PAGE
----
Sierra Leone: Putting an end to FGM

A safe house for girls threatened by FGM in Kenya.
A safe house for girls threatened by FGM in Kenya. © Paula Allen

A group of women sit in a circle in the Masungbala Chiefdom, Sierra Leone. One by one, they describe how their genitals had been cut as part of rituals of initiation and the unbearable pain they were forced to endure.

Adamant that their daughters should not suffer the same treatment, most of the women say they regret ever supporting the brutal practice.

A few steps away from them, the male leaders discussed how the community could tackle this problem.

And then, what was thought impossible, happened.

600 girls saved

While global leaders and activists met in the UK to tackle female genital mutilation (FGM) at the Girl Summit 2014 in July, communities in Sierra Leone have been taking huge leaps towards ending this horrific tradition.

After days of discussions and negotiations held at a series of workshops run by us and local organisations, the community signed a Memorandum of Understanding that bans female genital mutilation for girls under 18. Any woman over 18 has to give her consent before the procedure takes place.

Within a month of the Memorandum being signed, around 600 girls were saved from mutilation in the Masungbala Chiefdom.

What is female genital mutilation (FGM)?

Sierra Leone is one of the world’s worst offenders for FGM – 90% of women are subjected to the practice. FGM, sometimes known as ‘cutting’, involves removing all or part of the external genitalia for non-medical reasons.

Often it’s done by someone with no medical training, using knives, scissors, scalpels, pieces of glass or razors – and without anaesthetic.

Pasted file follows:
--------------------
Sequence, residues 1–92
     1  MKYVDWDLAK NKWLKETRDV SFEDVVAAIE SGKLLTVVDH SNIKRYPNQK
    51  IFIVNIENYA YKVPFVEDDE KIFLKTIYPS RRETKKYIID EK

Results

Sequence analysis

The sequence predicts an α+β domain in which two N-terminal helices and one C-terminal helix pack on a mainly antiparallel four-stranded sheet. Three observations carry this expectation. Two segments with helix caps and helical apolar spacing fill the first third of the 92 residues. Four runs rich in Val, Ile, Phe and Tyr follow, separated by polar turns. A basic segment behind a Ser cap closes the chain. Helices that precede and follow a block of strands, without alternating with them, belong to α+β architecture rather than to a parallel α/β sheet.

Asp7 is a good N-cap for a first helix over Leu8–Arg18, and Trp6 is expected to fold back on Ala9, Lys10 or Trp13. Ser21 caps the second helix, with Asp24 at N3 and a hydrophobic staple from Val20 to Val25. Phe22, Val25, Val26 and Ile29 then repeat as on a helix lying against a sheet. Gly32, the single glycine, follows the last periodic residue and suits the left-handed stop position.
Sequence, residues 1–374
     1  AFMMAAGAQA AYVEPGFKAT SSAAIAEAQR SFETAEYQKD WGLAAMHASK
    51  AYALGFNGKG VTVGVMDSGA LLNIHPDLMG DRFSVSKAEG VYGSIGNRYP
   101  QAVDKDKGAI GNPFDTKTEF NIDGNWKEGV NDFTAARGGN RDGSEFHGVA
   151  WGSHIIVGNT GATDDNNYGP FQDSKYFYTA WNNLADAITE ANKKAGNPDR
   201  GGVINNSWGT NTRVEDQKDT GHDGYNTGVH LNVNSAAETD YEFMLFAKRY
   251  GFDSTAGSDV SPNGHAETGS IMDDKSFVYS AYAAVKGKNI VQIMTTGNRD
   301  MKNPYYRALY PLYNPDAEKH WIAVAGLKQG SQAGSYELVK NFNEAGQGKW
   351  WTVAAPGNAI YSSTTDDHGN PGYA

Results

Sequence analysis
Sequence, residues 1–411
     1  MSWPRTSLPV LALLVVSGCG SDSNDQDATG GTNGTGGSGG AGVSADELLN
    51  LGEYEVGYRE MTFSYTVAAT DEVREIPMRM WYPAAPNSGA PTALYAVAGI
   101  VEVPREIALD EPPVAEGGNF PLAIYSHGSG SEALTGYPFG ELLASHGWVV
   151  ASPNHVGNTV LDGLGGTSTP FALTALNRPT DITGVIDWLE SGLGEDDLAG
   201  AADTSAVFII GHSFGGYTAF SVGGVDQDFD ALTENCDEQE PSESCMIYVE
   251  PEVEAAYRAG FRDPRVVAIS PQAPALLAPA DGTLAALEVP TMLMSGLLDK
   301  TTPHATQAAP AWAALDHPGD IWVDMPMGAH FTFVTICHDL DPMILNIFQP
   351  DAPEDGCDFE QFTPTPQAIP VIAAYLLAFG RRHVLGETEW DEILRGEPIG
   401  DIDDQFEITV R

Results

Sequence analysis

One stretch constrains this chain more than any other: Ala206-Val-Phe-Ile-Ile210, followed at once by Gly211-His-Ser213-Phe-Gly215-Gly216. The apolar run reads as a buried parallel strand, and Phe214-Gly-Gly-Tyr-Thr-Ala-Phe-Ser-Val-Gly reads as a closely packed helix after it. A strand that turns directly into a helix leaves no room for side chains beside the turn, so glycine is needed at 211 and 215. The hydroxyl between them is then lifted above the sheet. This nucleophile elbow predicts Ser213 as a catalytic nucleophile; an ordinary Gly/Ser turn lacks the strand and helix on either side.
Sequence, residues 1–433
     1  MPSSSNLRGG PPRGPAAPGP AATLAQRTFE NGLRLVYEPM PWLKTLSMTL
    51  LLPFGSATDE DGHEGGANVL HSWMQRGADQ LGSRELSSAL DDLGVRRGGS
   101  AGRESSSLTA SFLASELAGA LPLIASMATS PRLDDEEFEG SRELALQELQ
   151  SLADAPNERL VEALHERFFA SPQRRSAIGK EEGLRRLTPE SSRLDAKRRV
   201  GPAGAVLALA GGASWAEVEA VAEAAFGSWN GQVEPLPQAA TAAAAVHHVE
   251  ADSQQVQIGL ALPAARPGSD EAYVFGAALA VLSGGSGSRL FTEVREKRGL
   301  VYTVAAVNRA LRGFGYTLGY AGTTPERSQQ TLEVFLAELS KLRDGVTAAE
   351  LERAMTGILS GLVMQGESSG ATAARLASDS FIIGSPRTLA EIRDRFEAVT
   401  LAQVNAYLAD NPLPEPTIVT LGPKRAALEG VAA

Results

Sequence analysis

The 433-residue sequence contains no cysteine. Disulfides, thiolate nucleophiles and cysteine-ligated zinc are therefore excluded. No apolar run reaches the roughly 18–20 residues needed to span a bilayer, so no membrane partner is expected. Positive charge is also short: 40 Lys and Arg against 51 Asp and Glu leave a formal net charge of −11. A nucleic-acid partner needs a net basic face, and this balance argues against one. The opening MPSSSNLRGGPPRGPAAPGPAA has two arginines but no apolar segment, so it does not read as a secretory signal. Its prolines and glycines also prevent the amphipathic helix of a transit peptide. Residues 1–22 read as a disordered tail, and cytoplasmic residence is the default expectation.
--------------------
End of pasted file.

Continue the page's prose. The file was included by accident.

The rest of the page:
Girls and women who have it done often suffer from severe pain, bleeding, shock, difficulty in passing urine, infections and sometimes even death. Many also suffer difficulties during labour, decreased sexual enjoyment and post-traumatic stress disorder.

Community leaders and members who support and practice FGM say it is necessary to protect a woman’s ‘honour’, believing that women’s sexuality must be controlled.

FGM in the UK

Despite being illegal for nearly 30 years, it’s estimated that around 170,000 women and girls in the UK have undergone the procedure.

It is still a taboo subject – even here, where the first prosecutions only came in 2014 – and well-entrenched in many societies.

At this week’s Girl Summit 2014, Prime Minister David Cameron announced new steps to combat FGM in the UK, including:

  • Doctors, social workers and teachers will be legally obliged to report all cases.
  • Parents will face prosecution if they fail to stop their daughters undergoing FGM.

We must break the silence

This is by no means the end. There is so much more to do to wipe out this brutal tradition.

We’re working to raise awareness among targeted communities in Sierra Leone and helping them take action to fight FGM. We’re focusing on a number of human rights issues affecting the local communities.

So far, the workshops have been so positive that hundreds of communities across the country have since followed suit and banned the harmful practice.

‘It is very difficult for people to talk about these issues but as the communities have a strong tradition of dialogue, we called the community members together to discuss the dangers of female genital mutilation. It became clear that people knew they wanted to tackle the issue but did not know how to go about it. Now the process has completely changed the lives of many women and girls.’
Arun Turay, Coordinator of the Advocacy Movement Network (AMNET), who worked with us to run the workshops